Considering the curriculum, Cato was famously skeptical of "Greek education," so he chose a more physical routine for his son. He was also concerned that his son understand and take part in the affairs of the republic so he learned of the law. In contrast the general and contemporary of Cato, Aemilius Paulus, was far more persuaded in the value of Greek education. (Yet though he hired expert tutors Paulus closely saw to his children's education. See Plutarch, life of Aemilius Paulus.) These men were passing on the traditions of their family and their own education to their children, choosing what they thought was best of what came before them. Cato would teach his son about Greek literature, but he might want to attach a warning to it. These men had a particular vision of Rome, Romans, life, and man that influenced, and in effect was expressed by, what they thought constituted a proper education.

How might Cato want to teach his son? With recitation, dictation, or some other emphasis? Does he care how long it takes him to do the work, does it matter that it takes his son forty-five instead of thirty minutes? Maybe he wants to teach one thing sooner rather than later. No one came knocking on Cato's door because he was teaching fractions in second grade instead of third. (Had they, they wouldn't have gotten very far.) Recalling again some recent effort at educational standardization I recall the architects of the plan left room for states to develop their own social studies curricula. This isolated moment of perspicacity of course begs a question: why stop there? Are children only different insofar as they live in different states?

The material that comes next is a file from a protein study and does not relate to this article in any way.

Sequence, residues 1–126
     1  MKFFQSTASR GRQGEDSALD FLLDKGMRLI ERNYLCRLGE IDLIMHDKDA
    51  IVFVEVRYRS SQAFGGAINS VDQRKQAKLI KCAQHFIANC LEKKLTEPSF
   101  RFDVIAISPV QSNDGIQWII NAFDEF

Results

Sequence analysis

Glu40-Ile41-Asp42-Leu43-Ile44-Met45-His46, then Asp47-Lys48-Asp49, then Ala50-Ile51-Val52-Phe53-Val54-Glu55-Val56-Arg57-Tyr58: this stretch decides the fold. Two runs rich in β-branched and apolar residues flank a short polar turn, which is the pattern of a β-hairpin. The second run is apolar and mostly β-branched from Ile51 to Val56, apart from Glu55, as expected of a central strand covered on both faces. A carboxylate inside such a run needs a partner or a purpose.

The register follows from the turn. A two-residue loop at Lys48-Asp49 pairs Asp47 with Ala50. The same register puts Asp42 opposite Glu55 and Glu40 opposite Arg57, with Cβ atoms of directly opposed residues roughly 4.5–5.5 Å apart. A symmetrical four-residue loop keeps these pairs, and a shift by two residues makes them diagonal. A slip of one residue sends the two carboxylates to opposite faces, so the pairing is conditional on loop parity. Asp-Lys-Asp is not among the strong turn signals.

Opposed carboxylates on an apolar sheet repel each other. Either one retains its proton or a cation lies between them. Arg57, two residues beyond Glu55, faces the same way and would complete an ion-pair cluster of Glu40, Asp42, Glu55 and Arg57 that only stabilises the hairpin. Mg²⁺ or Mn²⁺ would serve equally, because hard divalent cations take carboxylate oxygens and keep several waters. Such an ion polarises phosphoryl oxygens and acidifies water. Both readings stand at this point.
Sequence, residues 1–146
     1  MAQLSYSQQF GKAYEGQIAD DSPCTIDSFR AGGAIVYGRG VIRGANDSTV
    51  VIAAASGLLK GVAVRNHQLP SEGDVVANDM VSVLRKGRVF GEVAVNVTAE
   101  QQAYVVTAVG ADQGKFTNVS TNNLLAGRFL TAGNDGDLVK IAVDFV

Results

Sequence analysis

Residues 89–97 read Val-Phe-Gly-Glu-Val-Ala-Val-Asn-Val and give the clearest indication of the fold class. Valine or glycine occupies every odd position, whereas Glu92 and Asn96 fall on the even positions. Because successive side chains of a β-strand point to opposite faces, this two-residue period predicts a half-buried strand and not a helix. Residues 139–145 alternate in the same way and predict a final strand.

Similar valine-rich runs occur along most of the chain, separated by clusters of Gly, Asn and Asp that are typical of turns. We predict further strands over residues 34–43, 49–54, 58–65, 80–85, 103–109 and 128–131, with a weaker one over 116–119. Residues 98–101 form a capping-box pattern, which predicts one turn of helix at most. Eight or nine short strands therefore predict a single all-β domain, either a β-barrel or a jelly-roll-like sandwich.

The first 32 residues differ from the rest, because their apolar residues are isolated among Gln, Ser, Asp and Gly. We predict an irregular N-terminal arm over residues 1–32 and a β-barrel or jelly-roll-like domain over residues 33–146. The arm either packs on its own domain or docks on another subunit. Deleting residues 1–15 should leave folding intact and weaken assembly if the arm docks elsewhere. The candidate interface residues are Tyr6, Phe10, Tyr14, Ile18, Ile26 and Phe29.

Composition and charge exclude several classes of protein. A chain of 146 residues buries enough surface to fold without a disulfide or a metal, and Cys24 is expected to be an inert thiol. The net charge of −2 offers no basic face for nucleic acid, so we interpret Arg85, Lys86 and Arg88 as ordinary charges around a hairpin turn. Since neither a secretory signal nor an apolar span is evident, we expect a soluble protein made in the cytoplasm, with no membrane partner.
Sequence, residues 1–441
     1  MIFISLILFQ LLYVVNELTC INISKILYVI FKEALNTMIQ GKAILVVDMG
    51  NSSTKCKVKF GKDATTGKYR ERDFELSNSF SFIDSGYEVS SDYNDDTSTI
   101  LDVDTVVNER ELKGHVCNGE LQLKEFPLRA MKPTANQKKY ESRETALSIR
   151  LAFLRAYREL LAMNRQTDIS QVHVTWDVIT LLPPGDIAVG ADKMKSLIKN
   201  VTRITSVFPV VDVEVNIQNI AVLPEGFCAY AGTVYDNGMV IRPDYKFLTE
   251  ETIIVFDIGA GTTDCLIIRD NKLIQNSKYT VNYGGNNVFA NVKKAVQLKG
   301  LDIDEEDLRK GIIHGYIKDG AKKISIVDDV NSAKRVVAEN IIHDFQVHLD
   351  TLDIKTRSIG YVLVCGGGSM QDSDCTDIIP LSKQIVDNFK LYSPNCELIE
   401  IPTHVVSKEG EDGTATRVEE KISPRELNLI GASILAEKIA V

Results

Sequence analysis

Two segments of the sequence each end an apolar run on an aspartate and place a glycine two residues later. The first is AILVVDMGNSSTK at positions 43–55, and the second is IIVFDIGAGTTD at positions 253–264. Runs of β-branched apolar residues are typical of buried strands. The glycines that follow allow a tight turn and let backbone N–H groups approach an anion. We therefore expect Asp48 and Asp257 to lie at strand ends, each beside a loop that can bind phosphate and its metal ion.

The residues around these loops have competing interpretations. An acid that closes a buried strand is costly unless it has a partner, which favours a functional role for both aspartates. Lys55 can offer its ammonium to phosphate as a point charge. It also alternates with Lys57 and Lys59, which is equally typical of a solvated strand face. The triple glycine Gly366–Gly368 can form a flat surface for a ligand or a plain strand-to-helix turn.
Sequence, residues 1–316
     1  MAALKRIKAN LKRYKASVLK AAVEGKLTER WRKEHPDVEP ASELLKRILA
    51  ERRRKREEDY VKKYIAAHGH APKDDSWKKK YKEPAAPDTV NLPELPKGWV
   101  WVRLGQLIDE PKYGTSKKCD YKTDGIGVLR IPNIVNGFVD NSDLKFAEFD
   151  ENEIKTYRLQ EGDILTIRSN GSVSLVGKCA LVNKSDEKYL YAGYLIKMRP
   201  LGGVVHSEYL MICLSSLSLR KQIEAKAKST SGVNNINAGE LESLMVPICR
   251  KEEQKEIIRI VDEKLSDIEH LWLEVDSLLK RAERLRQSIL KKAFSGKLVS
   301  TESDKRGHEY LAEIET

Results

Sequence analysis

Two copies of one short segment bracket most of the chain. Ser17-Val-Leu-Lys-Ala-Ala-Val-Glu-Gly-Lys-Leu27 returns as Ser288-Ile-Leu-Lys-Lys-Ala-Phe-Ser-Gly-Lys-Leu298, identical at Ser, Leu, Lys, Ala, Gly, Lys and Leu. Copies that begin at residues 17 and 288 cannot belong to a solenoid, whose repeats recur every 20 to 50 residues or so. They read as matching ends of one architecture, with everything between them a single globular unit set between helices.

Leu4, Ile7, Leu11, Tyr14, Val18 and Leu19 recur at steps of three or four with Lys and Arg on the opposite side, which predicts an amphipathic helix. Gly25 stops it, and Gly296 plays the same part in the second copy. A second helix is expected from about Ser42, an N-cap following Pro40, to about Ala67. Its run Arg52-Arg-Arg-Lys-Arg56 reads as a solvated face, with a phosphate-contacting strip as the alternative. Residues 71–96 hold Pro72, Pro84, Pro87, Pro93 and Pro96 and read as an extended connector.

Of course these questions all center around the purpose of education but beneath this question is a more profound one: what is the good for man? For to ask what a man must know is to ask what he ought to do and be. This, of course, ought to be left to the individual and, in the case of children, the discretion of parents. In his quartet of essays on education published together in the volume, To Criticize the Critic, T. S. Eliot wrote,

In so far as a system of education is something shaped by the conscious aims of a few men. . . there is always the grave danger of borrowing or imposing something which does not fit the ethos, the way of life, the habits of thought and feeling of that people.
The backlash against this view is easy to foresee and has merit Some will complain that children will be taught badly or be taught untruthful things. Others that not all parents are capable of teaching their children for whatever reason. These are wise concerns. Equally, though, we must beware of using the powerful, dangerous, and unwieldy tool of the state to correct problems. Any action by the state implies the sanction of its members who delegated their power. Earlier we asked what the purpose of education was and it seems safe to say it is not agreed upon. How can the state, then, act on education? How can it avoid acting for a particular interest?